Clarissa: Yes, well, my dad is from the jungle. Of course, he is part of an aboriginal community, but I guess that was my first encounter with aboriginal tribes and with people who are part that whole society. Also, when I was working with one of the agencies in the Ministry of Environment in Peru, one part of my job was to try to understand the narratives and how to bring the projects that the government had for these communities, how to make them learn, and how to learn from them what were their needs and priorities, and I think that all these encounters made me realize that they are not heard enough, their voices are not shared enough, their needs and their priorities are not communicated, and sometimes, with friends, I’ve heard them say things like “No, they should evolve like us, like the city people”, and I’ve been hurt by those comments, because I feel like our opinions are too superficial always, not just in these topic, but in many. It’s just something that has not has been thought through, you have not had an encounter with them, so how come you have a conscious and educated opinion about that?

For example, Ekpa’palek is a way to promote indigenous languages. Ekpa’palek comes from the Shiwilu language, form the Amazon in Peru, and it means to teach a little kid to take his first steps. Trying to translate everything in our programs on indigenous communities is a way to make it more accessible.

Nerina: You are the founder of Ekpa’palek. Can you tell us more about this organization?

Clarissa: We are an organization of around 45 to 50 people, and what we do is to offer programs for free to any Latinamerican students that want it. One of them is the professional mentorship, so we connect the students with professionals that are a little bit advanced in their careers so they can guide them, they can talk, they can tell them how to gain certain scholarships, but also about what’s out there. If I am a psychologist, if I am an economist, I want to know what’s happening in Australia, what’s happening in China, so that person can get inside information, so students in Latinamerica can shape their minds thinking about what’s next, and they should be studying now, or working on, or doing an internship with.

The second program is women empowerment. The first year, we were bringing new women from all over to schools; we had five professional women bringing their stories, bringing their pitfalls, the experiences they had been through and how they got where they are now. That worked for one year and then we had to stop it, so now we are focusing more on campaigns on line; we are doing the same, showing new women role models but in a visual way. We have engineers, economists, from different parts of the world that are Latinamerican women, and then they send a three minute video telling how they are there and why they decided on that career.

The third program will be the empowerment of indigenous languages, so basically we want our programs to reach everyone. We have started translating the articles on our blog into Quechua, which is a language that is spoken in Peru and Bolivia, and it’s a official language in Peru as well. Also, we have tree videos in Quechua, as well; we had one of our mentors make theses videos, telling how he went from a little town in the highlands of Peru to do his Master in France, and to study in Lima, Peru, as well. We are trying to promote translating everything that we are producing into different languages, not only Quechua.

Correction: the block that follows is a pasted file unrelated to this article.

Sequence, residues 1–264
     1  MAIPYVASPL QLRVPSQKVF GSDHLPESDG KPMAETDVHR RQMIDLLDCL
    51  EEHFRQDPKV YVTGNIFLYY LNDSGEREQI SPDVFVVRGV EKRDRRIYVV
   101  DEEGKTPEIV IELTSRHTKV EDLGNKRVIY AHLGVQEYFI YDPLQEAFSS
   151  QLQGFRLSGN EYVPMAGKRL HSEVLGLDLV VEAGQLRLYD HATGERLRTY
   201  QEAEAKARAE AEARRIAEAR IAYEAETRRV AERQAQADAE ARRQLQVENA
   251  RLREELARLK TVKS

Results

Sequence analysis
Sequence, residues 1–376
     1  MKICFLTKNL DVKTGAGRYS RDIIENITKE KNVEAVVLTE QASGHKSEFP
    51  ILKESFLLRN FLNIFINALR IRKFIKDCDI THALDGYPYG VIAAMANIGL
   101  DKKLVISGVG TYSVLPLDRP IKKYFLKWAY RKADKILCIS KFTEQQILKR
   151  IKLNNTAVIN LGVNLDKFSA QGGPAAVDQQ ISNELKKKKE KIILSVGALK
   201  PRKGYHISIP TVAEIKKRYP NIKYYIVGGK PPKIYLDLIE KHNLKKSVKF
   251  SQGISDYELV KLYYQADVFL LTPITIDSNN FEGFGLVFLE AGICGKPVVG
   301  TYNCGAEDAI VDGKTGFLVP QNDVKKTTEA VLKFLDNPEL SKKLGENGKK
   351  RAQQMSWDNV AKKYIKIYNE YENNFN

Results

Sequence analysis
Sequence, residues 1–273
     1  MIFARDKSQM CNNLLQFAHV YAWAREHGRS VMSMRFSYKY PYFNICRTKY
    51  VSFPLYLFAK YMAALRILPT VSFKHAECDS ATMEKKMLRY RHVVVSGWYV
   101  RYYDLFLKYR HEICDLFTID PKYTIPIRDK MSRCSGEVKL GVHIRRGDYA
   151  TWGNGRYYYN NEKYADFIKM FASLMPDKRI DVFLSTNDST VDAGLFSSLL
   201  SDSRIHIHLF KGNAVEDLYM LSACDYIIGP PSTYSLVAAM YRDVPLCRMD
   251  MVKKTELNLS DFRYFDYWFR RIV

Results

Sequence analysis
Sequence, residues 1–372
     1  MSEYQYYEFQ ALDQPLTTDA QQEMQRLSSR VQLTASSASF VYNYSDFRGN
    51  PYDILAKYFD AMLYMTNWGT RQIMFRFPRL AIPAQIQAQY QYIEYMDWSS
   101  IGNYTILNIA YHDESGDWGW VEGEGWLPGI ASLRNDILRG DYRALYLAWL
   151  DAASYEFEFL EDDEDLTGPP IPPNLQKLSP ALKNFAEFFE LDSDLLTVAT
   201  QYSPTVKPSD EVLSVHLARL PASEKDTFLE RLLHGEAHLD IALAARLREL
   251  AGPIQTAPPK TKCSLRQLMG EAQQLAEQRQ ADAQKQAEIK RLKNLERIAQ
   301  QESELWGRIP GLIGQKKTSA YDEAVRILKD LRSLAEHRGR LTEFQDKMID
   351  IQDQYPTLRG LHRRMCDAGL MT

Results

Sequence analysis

Nerina: What motivated you to start this organization?

Clarissa: Well, because when I started my professional path, I was a bachelor student that really wanted to learn and to go more from theory to practice, and that was something that was not happening in Peru in terms of molecular biology. I think my motivation was to learn more, and I could do it with scholarships and people helping me take the next steps, as you mentioned, and then after ten years of doing my master and my PhD I realized that I was not the only one, and that the case that I had ten years ago where I didn’t have money to pursue studies, I didn’t have connections to create opportunities in professional development were still existing in Latin America, and we were at a disadvantage with the rest of the world.

So I thought about what I could do with this tools that I had gathered over the years, and one of them was my network. So I think it was really personal, because it was not that I was trying to fix something that happens somewhere else to some other people, but I was trying to help someone like me at this moment, someone who didn’t have opportunities, didn’t have the network, didn’t have ideas, or someone from outside to talk to and just get inspired.

Nerina: How did you become what you are now?

Clarissa: I studied Biology and Genetics in Peru; I was very interested and curious about science. Then I went to Finland for exchange studies, and I did a Master in Biomedicine and Neuroscience, which I was also completely in love with, specifying different types of neurons in the brain, and then I decided to move to Australia to do my PhD in sex development; how the sperm cells and the egg cells develop.

When I was finishing my PhD was when I decided to create Ekpa’palek, this organization that empowers Latinamerican professionals. And then, looking at the results and the people that we were helping, I started to realize that a nes passion was growing inside myself, and then I decided to leave the lab where I was doing experiments and start to communicate with citizens and policy makers and start to find a way where I could use my scientific background and I could help society in a different way, and that way is creating better policies for everyone. Now it’s in the European Union, but later I hope it will be in Latinamerica and in Peru.

Nerina: What is the most important lesson that you have learned?